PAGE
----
The 23-year-old PGA Tour rookie from Texas looked destined for defeat after slicing his drive almost out-of-bounds at the second extra hole, the par-four 10th at Sedgefield Country Club.
But Reed’s ball stopped barely one yard in bounds and he took advantage of his lucky break by conjuring up a piece of magic with his second shot, threading a seven-iron that somehow avoided the trees and finished within seven feet of the hole.
“It was the best shot of my life, that’s for sure,” said Reed, whose caddie – and wife – Justine measured the shot at 167 yards.
“When I got the signal the ball was out of bounds my heart sank. I pulled my hat down and I was so frustrated and sad. If I didn’t close that out and win it I would have been heartbroken.”
But when Reed got word from other marshals that the ball was safe, his spirits soared.
“I felt I was back playing T-ball. The ball was so far above my feet that it almost felt like I was taking a baseball swing.
“The lie was fine. There was a little bit of dirt, a couple of pieces of grass, twigs, a couple of spiders, basically anything you’d find in a wilderness.
“The problem was the tree I had to go under. The tree trunk was right there and I had to hit the ball dead straight from a baseball lie. It’s hard for me to do that, because I play draws.
“I knew it was going to be do or die. I had to make a great golf swing and to pull it off meant everything.”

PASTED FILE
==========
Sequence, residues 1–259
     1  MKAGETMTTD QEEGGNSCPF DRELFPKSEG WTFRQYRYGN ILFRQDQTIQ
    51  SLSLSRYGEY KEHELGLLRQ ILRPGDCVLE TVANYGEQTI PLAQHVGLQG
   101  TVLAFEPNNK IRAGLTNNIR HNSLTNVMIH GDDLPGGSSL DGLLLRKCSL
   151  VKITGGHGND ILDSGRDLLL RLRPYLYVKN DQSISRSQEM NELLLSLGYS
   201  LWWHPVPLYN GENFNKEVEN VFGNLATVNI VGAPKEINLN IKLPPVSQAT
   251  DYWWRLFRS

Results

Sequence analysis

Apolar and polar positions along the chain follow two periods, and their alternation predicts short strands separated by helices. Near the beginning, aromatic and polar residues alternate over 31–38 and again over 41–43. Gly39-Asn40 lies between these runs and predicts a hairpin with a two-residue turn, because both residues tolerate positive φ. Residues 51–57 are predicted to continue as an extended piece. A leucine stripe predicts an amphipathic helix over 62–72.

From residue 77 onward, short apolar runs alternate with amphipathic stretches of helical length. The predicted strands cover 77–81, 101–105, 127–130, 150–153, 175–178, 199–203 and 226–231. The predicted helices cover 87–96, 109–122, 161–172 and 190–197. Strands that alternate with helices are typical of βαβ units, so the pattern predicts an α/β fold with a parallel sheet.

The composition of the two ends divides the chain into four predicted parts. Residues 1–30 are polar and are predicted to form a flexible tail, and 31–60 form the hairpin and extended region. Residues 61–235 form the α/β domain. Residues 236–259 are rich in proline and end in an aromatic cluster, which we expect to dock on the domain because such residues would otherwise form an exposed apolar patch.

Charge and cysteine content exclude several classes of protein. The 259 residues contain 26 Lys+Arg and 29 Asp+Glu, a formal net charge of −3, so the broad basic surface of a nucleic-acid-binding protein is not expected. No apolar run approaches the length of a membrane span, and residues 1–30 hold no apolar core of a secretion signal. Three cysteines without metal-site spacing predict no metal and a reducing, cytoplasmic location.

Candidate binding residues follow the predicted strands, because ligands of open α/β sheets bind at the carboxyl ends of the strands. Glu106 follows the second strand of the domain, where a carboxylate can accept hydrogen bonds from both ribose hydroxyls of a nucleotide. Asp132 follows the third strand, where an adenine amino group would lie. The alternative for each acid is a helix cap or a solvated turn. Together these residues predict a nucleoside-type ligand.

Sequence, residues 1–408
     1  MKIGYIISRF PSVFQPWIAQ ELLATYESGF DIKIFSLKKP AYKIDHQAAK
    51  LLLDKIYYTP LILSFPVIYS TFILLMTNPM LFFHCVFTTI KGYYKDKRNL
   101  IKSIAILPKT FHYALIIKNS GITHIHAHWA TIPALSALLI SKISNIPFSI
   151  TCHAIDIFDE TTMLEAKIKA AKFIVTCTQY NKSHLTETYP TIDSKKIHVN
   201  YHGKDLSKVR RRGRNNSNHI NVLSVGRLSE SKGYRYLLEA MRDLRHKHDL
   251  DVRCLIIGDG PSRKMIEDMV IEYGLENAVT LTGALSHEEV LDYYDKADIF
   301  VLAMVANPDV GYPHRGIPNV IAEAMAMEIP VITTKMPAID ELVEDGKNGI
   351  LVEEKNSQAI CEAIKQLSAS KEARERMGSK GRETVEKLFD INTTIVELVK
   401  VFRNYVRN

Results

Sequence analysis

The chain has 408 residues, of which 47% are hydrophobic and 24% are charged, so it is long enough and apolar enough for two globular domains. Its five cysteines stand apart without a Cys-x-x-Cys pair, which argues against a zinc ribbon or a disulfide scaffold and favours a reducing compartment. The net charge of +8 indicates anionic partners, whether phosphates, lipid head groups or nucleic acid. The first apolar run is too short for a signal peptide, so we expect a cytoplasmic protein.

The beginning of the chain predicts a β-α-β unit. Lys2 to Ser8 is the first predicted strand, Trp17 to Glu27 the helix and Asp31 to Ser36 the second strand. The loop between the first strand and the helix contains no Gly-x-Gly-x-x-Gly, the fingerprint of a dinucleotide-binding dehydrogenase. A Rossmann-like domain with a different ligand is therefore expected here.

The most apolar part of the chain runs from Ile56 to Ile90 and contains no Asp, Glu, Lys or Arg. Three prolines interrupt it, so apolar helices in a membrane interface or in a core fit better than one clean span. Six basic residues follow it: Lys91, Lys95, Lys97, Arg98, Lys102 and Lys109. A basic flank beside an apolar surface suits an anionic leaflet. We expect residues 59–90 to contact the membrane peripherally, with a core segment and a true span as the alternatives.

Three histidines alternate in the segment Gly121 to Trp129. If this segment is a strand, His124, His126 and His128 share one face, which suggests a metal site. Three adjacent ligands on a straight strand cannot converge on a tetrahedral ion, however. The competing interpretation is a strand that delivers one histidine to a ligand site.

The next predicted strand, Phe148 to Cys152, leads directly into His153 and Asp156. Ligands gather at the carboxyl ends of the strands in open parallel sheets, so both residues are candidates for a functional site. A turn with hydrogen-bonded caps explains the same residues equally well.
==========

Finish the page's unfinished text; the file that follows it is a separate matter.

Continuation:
The vanquished Spieth was certainly impressed: “It was one of the best shots I’ve ever witnessed,” said Spieth. “I walked over to his ball (because) I wanted to see what he had to do and he didn’t have much.
“I didn’t think he could hit the ball that high and stop it from that lie.”
Spieth gave Reed a sporting thumbs-up, but it still wasn’t over, because Spieth had a sharply-breaking 10-foot birdie putt that shaved the right edge of the hole but didn’t drop.
That opened the door for Reed, who made no mistake with his birdie putt to capture his first tour victory, worth $954,000 and the Sam Snead Cup.
Reed’s heroics prevented Spieth from becoming the youngest two-time winner on tour in more than a century. Nevertheless, the 20-year-old, who won last month’s John Deere Classic, continued his emergence as one of the game’s rising stars.
The play-off was a rollercoaster of emotion for Spieth, who seemed destined for defeat at the first extra hole after pulling his drive into the woods.
He had no choice but to pitch his second shot back to the fairway and a poor third shot left him 26-feet above the hole, from where he defied the odds and sank the par putt.
Reed still had a chance to win with a seven-foot birdie attempt, but his putt was poor and the hole was halved, setting up even more drama at the next hole.
Earlier, Reed (66) and Spieth (65) finished regulation tied at 14-under-par 266. They both made tap-in pars at the 72nd hole to finish two strokes ahead of fellow Americans John Huh, who bogeyed the final two holes, and Brian Harman.
(Reporting by Andrew Both, editing by Simon Evans in Miami)